Inaudible audio

Here is an interesting case from FederalEvidence blog on how the 8th Circuit deals with the scratchy issue of a poor audio recording.

Factors For Admitting “Partially Inaudible” Recordings

Eighth Circuit rules that partially inaudible recordings with a confidential informant may be admitted when the trial court finds that they “provide [the] jury with the ‘gist’ of the conversations” so that any inaudible portions do not “render” the tapes untrustworthy as a whole, in United States v. Trogdon, __ F.3d __ (8th Cir. Aug 6, 2009) (No. 08-2858).

Here is CAAF on the subject.

In our 1992 decision in United States v. Banks, we provided guidance to trial judges dealing with audiovisual evidence.  We encouraged the use of transcripts “as an aid in presenting evidence with audio dialogue” and suggested that “the military judge indicate if he or she has viewed or listened to the proffered evidence prior to ruling on its admissibility.”  We also noted that when such a tape’s “audio is poor, a transcript could assist both the trier of fact and appellate courts.”  The admission of the transcript in this case was consistent with Jewson, Turner, and Banks.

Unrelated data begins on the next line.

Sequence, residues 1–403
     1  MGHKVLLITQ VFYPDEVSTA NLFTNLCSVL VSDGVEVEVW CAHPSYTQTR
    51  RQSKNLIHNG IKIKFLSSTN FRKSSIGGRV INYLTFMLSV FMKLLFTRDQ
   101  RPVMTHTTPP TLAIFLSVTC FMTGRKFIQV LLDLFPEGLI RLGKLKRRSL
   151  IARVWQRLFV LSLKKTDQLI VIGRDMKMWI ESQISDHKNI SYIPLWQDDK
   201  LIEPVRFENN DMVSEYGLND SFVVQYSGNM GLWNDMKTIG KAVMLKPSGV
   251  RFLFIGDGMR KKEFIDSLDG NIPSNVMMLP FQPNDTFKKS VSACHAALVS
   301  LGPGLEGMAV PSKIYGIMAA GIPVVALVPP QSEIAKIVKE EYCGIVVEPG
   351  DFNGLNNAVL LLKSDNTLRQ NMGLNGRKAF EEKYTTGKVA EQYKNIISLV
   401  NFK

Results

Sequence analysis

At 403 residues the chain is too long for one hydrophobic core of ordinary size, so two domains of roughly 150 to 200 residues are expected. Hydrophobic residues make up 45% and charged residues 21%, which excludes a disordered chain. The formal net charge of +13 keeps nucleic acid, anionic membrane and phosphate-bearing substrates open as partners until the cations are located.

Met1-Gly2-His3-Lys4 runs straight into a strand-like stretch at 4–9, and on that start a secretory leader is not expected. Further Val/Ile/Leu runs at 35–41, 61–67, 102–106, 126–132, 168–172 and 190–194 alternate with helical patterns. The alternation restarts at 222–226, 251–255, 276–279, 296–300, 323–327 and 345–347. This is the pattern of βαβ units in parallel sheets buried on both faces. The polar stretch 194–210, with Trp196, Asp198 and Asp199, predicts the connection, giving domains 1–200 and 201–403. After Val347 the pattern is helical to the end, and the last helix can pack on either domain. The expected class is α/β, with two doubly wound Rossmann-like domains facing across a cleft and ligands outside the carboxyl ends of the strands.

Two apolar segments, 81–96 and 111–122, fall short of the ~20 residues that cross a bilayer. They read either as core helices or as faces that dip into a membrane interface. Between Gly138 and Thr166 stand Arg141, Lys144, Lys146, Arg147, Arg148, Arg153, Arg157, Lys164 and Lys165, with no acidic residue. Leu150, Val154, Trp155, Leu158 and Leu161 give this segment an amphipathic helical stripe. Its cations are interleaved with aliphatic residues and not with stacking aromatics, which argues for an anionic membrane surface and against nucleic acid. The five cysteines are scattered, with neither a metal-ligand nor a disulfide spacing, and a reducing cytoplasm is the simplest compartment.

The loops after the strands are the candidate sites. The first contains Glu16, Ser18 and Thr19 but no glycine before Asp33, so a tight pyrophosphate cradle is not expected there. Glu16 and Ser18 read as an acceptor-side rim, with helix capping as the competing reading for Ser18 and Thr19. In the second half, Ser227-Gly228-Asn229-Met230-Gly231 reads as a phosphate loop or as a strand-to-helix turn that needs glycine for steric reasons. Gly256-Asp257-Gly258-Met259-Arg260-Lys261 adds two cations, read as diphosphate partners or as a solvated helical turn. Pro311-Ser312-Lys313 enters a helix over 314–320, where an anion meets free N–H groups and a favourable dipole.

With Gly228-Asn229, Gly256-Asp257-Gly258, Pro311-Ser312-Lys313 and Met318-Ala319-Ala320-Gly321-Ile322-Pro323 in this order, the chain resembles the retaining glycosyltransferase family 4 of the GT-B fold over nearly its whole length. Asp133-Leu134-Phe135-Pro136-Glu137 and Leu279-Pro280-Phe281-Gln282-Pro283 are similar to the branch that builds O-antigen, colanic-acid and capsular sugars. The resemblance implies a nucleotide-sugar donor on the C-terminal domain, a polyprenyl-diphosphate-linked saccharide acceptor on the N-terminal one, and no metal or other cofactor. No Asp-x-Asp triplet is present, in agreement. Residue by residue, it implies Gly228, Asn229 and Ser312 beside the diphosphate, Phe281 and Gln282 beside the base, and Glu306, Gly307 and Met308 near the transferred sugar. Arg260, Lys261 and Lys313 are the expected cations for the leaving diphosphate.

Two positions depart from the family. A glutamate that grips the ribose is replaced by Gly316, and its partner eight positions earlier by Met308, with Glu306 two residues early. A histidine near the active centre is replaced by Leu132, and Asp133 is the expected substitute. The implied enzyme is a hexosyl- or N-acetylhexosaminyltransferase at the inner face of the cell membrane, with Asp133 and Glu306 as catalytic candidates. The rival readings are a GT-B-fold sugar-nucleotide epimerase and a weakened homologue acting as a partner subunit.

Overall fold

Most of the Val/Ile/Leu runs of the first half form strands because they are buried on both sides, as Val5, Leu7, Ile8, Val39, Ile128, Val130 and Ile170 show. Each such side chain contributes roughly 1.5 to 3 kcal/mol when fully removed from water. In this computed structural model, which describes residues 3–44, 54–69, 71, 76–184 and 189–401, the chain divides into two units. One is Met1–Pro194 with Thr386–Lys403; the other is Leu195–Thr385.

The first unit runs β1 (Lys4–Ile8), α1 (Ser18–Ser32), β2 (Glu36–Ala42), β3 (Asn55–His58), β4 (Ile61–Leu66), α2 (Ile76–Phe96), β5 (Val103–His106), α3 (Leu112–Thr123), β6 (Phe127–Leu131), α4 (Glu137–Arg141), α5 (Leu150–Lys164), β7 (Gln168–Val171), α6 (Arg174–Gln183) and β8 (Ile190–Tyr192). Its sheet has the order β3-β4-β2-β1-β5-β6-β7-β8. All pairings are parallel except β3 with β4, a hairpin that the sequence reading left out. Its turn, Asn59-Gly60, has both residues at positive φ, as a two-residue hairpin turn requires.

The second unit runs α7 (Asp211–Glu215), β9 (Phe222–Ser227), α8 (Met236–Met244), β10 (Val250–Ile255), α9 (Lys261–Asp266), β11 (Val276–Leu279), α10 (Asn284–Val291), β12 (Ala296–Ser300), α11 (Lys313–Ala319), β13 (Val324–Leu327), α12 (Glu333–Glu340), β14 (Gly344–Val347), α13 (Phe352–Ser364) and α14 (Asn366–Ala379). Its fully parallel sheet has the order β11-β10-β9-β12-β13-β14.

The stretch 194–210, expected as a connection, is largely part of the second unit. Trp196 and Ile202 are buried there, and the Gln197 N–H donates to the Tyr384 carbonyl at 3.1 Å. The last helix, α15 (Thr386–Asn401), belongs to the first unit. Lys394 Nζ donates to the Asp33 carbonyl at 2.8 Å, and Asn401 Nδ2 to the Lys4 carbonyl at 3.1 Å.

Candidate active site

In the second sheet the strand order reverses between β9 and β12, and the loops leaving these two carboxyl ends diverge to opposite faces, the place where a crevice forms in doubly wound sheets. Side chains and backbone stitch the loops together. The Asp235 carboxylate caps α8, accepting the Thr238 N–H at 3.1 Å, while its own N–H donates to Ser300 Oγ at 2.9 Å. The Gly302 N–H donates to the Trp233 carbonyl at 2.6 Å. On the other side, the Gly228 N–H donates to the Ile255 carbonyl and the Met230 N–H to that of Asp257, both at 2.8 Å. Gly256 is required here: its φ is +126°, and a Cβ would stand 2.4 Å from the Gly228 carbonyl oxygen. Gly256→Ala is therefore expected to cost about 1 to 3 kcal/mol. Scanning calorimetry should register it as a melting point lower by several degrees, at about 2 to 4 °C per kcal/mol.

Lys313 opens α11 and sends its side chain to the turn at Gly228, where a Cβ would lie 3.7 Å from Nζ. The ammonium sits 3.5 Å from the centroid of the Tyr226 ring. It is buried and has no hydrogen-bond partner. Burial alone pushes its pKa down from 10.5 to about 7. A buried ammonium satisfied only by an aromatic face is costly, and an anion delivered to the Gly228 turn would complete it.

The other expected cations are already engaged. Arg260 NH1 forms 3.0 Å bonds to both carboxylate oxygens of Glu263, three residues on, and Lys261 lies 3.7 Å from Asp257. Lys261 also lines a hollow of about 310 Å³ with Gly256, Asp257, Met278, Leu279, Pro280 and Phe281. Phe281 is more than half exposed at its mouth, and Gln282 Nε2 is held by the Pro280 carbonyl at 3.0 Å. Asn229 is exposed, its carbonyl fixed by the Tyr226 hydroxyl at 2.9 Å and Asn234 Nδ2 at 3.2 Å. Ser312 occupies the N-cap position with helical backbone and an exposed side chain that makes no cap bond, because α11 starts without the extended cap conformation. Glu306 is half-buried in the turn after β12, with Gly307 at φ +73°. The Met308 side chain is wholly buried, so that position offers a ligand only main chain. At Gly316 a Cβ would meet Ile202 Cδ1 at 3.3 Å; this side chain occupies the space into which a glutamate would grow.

United States v. Craig, 60 M.J. 156, 160 (C.A.A.F. 2004).

We generally agree with the Ohio Supreme Court that, once a proper foundation is laid, “recorded tapes of actual events, such as street drug sales, should be admissible despite audibility problems, background noises, or the lack of crystal clear conversations, since they directly portray what happened.”  However, this rule is subject to the caveat that a recording is not admissible if “the unintelligible portions are so substantial as to render the recording as a whole untrustworthy.”  If only a part of the tape is inaudible, the military judge must determine whether those portions are so substantial as to render the entire tape untrustworthy and thus inadmissible. The military judge should clearly state on the record which portions of an audiotape are inaudible.

United States v. Craig, 60 M.J. 156, 160 (C.A.A.F. 2004).

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